Last week it was revealed that Seattle property taxpayers would "subsidize" a Sodo arena to the tune of approximately $780,000 a year , a revelation that some critics seized upon to accuse arena proponents of misleading the public about the terms of the deal. That's not entirely fair. This property tax shift could have been discerned from the Memorandum of Understanding (MOU) by any property-tax-savvy reader who bothered to try. And when no one did, it was the mayor's own budget office that volunteered the information.
But yes, contrary to the implied promise of a "self-financing arena", the proposed deal would result in a $2 to $3 bump on the property tax bill of the average Seattle homeowner (35 cents for King County homeowners outside of Seattle), and yes, the city/county portion of this extra revenue will be dedicated entirely toward servicing the arena bonds. But there will be zero hit on public coffers, and it is important to note that this extra revenue would not be possible without the arena so it couldn't be used to pay for other city services. To understand why requires a brief (if wonky) discussion of how property taxes actually work, followed by a stepping through of the unique terms of the MOU.
As I explained in Part I of this two-part series, the whole tax issue is a lot more complicated and nuanced than the initial media reports have made it out be. When we think of taxes we mostly think of sales and income taxes, wherein the government sets a rate and then revenue comes in ahead or behind of forecasts depending on the strength of the economy. Consumers buy more stuff and sales tax revenue goes up. Surpluses, yay! Consumers buy less stuff and sales tax revenue goes down. Deficits, boo! Simple.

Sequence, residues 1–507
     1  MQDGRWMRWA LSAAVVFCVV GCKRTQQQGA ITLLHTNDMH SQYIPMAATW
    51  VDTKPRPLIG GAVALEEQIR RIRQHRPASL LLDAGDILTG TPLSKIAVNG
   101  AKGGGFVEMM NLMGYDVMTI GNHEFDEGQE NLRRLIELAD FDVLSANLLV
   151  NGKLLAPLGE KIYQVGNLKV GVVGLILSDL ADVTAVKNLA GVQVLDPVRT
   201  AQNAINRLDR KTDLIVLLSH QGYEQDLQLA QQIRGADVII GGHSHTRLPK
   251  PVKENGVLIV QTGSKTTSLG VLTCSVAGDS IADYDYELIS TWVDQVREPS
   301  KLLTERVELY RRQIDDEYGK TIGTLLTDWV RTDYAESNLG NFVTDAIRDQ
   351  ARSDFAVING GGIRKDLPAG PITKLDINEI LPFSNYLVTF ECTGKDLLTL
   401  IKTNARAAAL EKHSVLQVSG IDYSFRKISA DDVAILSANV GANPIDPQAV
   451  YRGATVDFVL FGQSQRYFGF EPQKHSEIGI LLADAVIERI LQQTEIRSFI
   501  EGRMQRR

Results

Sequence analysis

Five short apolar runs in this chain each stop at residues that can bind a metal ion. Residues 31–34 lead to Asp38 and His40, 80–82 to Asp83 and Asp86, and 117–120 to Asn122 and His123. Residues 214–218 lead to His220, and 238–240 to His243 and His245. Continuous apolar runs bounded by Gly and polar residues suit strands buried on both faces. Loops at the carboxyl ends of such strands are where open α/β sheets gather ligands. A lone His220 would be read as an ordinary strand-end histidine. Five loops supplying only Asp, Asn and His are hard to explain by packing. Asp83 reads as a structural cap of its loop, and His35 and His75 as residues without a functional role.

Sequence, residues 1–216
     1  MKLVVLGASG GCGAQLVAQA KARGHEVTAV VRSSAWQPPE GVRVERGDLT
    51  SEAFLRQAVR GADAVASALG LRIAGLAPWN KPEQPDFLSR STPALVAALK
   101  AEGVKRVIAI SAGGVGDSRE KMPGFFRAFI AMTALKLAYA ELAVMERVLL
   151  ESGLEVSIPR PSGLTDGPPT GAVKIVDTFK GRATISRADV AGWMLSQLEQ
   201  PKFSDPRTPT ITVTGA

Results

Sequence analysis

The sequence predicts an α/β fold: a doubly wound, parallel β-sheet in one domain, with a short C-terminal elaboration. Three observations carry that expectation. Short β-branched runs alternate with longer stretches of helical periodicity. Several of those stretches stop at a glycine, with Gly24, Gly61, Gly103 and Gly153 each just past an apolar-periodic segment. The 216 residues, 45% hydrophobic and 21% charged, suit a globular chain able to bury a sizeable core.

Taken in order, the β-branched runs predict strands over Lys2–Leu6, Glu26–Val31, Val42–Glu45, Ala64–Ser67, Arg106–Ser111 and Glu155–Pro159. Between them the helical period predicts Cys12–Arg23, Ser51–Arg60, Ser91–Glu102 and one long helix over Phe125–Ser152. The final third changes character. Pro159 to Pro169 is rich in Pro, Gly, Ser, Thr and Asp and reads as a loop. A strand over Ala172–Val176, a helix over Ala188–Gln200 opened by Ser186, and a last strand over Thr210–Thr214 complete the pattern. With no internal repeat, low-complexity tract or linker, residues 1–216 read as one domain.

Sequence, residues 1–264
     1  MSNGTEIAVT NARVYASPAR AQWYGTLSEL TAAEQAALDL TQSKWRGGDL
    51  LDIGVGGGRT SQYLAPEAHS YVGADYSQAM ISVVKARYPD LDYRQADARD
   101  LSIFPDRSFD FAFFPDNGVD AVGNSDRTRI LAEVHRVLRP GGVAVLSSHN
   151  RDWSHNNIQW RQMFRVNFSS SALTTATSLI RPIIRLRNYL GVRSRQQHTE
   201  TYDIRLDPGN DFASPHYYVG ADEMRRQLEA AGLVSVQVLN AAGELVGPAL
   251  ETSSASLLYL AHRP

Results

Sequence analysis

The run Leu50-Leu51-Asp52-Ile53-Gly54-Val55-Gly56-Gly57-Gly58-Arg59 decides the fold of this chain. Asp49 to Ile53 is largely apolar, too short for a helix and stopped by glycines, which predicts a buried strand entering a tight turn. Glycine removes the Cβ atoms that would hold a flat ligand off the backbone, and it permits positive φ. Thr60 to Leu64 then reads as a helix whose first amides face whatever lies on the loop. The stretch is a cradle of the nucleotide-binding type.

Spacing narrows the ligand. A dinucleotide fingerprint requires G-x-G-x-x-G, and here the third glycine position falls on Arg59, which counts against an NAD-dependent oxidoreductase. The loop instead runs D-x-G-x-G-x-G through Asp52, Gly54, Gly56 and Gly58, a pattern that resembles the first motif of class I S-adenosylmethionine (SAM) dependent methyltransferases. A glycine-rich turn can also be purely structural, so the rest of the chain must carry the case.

Property taxes don't work that way. Instead, a taxing district, within certain limits, sets a dollar amount it would like to raise in any given year, and then the county assessor sets a "millage" rate (dollars per thousand dollars of property) based on the total assessed property value within the district. That's why as home values broadly plummeted in the housing bubble collapse, your property taxes didn't plummet with them. The millage rate simply climbed to make up the difference. The expiration of voter approved levies aside, your property taxes only fall if your home's value falls relative to the district as a whole.
It's also why property tax levies tend to raise exactly what they're intended to raise. Your house could burn to the ground and it usually wouldn't impact city coffers. Rates would simply rise slightly the next year to offset the lost revenue from your property. And as I'll explain later, that's kinda what's happening with the arena deal.